The Puzzle of Altruism


The question of why human beings are sometimes prepared to risk their own lives to save others has puzzled philosophers and scientists for centuries.

From an evolutionary point of view, altruism doesn’t seem to make any sense. According to the modern Neo-Darwinian view, human beings are basically selfish. After all, we are only really ‘carriers’ of thousands of genes, whose only aim is to survive and replicate themselves. We shouldn’t be interested in sacrificing ourselves for others, or even in helping others.

It’s true that, in genetic terms, it’s not necessarily self-defeating for us to help people close to us, our relatives or distant cousins—they carry many of the same genes as us, and so helping them may help our genes to survive. But what about when we help people who have no relation to us, or even animals?

No Such Thing: According to some psychologists, there is no such thing as ‘pure’ altruism. When we help strangers (or animals), there must always be some benefit to us, even if we’re not aware of it. Altruism makes us feel good about ourselves, it makes other people respect us more, or it might (so far as we believe) increase our chances of getting into heaven.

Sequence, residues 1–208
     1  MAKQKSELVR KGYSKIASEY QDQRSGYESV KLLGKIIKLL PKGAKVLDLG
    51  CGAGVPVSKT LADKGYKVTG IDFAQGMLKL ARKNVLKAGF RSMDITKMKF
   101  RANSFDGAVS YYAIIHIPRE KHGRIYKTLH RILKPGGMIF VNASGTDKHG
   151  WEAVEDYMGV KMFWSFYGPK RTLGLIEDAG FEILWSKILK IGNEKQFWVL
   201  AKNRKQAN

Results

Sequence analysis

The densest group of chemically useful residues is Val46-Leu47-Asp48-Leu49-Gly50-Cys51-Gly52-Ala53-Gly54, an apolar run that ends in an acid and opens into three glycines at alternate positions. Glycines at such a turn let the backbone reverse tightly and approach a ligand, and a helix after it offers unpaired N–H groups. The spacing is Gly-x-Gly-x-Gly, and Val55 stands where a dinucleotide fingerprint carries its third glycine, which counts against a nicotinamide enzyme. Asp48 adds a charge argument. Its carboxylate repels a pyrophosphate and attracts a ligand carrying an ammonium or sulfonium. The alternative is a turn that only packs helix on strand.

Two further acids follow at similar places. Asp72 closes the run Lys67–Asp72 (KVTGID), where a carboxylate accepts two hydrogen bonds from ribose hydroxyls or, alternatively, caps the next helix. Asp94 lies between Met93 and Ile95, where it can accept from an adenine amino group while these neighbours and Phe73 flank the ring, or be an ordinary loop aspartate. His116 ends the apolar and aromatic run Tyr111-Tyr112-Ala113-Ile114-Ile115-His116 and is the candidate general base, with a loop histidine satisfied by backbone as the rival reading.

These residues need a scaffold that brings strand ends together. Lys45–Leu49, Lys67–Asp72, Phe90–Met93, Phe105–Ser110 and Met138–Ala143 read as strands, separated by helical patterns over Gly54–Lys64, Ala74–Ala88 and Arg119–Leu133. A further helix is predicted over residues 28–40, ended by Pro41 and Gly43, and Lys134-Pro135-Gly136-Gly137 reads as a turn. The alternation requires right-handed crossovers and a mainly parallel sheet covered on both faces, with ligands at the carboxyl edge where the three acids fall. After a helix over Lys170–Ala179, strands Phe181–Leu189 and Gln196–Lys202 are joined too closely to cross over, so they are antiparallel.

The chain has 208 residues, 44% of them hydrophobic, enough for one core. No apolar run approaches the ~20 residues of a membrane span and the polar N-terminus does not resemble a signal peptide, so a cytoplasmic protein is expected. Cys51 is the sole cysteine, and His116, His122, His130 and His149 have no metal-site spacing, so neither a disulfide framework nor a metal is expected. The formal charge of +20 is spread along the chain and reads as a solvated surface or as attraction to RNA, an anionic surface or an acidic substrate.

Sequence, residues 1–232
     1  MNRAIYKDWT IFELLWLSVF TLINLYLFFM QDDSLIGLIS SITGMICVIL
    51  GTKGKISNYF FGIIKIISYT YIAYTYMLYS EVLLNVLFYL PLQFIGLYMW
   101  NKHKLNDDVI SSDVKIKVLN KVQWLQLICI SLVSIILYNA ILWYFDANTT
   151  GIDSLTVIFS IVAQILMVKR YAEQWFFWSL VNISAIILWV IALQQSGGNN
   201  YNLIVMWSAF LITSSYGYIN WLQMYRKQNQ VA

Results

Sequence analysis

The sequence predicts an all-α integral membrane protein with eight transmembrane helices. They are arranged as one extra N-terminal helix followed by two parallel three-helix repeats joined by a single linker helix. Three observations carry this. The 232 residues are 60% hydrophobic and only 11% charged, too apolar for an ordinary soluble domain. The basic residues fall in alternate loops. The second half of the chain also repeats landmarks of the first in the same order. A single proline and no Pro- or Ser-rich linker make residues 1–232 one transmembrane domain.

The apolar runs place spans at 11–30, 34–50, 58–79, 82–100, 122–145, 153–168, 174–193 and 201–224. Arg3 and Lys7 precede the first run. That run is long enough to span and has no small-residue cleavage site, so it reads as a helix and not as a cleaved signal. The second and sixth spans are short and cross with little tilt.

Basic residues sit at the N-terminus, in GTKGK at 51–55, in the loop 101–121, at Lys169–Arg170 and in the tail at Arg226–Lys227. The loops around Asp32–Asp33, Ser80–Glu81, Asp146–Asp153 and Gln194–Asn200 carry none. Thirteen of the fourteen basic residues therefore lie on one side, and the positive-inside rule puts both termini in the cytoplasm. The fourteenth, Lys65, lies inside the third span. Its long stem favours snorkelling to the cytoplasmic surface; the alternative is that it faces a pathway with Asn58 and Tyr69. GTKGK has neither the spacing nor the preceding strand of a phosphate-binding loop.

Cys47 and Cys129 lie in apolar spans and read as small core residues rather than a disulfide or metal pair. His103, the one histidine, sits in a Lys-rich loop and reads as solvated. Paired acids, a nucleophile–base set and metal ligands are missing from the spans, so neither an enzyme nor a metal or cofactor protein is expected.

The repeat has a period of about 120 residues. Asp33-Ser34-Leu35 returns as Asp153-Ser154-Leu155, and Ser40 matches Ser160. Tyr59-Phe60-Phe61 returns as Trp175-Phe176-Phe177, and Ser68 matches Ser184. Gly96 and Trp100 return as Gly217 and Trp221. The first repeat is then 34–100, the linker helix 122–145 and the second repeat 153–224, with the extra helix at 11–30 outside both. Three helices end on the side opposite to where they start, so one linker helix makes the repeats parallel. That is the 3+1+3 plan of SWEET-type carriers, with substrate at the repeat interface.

You Scratch My Back, I Scratch Yours: Or perhaps altruism is an investment strategy – we do good deeds to others in the hope that they will return the favour some day, when we are in need (known as reciprocal altruism).

Keeping Up Appearances: According to evolutionary psychologists, it could even be a way of demonstrating our resources, showing how wealthy or able we are, so that we become more attractive to the opposite sex, and have enhanced reproductive possibilities.